Ryne Walley’s review published on Letterboxd:
"The stars are ageless, aren't they?"
That feeling. You know it, don't you? We've all been there. Your heartbeat quickens, your eyes widen, your breath slows. Hairs stand on end. It's as though you fade from reality, if only for a handful of fleeting yet transcendent moments as the frames burn themselves across every peak and valley of the mind. The reaction is unquestionable, utterly unstoppable. Emotional, chemical, something beyond. Whatever the hell it is, it's happening; the answers to your innermost cinematic cravings revealed—and satisfied—at last. The end credits roll, and it's then that you know you've seen what is to shortly become one of your new favorite motion pictures.
Billy Wilder's Sunset Boulevard is an enduring masterwork; a tragic, intensely human noir as tormented and haunted as it is ultimately disturbed. It's genuinely timeless, rich with brilliant artistry, vivid and crisp writing, and a host of phenomenal on-screen talents (Gloria Swanson delivers a towering performance up there with the greats). The film is a dominating, ingeniously crafted experience from beginning to end, unrivaled in many cinematographic regards. And it has, without question, immediately become a new all-time personal favorite of mine.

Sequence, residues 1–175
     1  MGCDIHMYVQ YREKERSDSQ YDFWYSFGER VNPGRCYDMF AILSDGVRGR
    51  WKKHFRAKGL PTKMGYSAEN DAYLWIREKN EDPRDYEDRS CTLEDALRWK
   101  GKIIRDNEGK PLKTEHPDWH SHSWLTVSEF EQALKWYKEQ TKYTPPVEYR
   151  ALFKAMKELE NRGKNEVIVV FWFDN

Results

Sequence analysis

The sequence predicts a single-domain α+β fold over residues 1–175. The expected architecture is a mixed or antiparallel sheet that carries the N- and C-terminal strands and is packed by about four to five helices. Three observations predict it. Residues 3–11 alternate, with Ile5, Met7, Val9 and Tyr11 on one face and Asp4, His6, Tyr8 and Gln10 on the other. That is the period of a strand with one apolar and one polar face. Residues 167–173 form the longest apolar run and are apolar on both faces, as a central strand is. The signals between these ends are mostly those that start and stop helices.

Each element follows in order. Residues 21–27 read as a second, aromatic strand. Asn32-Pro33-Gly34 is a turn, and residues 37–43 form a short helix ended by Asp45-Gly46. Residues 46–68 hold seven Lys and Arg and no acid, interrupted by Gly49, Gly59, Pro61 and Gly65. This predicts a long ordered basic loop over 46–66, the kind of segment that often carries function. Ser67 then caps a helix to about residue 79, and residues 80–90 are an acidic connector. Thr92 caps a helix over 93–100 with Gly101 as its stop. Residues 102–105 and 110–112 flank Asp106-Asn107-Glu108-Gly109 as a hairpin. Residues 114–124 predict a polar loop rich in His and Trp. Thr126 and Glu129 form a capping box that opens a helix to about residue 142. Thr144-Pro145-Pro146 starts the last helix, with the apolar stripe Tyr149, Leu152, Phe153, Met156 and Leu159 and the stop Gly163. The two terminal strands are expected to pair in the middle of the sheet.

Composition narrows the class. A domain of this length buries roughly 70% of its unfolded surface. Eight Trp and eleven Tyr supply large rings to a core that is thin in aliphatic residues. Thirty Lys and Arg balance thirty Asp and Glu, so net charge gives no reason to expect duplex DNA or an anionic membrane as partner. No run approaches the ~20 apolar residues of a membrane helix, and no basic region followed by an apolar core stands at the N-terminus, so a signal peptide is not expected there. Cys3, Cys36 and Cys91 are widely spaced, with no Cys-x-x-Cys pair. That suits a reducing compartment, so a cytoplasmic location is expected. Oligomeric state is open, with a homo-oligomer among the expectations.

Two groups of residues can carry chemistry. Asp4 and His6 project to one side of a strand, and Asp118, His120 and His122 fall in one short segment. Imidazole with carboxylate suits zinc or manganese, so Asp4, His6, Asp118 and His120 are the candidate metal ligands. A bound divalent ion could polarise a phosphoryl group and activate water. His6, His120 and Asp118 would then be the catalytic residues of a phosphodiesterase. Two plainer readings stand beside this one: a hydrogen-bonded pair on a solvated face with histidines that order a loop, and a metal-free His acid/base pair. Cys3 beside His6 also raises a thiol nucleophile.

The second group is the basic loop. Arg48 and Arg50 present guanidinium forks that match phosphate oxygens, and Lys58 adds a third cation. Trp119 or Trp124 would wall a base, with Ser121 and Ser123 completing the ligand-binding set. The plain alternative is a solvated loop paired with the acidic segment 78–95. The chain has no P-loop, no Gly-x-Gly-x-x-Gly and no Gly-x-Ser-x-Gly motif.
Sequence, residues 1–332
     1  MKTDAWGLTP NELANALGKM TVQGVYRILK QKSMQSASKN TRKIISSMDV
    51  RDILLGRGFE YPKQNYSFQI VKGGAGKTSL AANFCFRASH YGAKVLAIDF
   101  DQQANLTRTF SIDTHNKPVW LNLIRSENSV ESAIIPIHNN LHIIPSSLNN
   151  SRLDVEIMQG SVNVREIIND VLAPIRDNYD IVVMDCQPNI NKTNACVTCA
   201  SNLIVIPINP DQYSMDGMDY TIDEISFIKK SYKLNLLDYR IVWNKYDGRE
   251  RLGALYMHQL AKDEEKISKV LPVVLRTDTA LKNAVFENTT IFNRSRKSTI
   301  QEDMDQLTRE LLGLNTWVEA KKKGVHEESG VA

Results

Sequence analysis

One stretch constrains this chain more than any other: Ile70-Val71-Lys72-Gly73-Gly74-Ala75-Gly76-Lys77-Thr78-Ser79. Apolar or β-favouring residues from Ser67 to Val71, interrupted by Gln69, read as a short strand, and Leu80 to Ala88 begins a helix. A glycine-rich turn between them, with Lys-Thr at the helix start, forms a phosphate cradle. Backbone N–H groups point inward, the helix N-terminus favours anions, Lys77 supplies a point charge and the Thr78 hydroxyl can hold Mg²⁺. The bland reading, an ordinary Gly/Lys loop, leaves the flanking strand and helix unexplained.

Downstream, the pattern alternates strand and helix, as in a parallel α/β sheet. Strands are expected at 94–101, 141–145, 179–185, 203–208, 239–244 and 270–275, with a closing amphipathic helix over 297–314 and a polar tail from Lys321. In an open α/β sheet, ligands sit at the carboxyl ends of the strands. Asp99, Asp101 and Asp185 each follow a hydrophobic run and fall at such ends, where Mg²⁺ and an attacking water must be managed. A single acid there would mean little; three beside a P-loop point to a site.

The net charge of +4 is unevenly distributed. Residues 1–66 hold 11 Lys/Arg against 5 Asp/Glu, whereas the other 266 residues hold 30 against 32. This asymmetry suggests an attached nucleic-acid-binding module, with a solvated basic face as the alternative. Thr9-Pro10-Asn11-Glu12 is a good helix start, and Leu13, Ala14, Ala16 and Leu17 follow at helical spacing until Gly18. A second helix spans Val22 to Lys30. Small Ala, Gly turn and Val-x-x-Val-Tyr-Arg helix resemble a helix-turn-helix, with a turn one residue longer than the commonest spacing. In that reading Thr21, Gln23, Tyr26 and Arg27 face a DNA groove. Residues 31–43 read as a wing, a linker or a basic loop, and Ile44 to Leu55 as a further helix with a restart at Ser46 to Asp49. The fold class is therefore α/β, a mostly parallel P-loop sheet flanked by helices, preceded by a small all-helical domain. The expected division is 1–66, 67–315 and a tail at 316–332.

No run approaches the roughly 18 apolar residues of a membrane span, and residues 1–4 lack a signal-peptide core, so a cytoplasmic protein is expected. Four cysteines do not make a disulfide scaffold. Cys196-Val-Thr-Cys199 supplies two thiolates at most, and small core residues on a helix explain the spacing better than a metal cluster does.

I genuinely cannot recommend Sunset Boulevard enough. There's just nothing else like it, and there may never be for as long as the art form exists. An incomparable classic through and through.
"All right, Mr. DeMille, I'm ready for my close-up."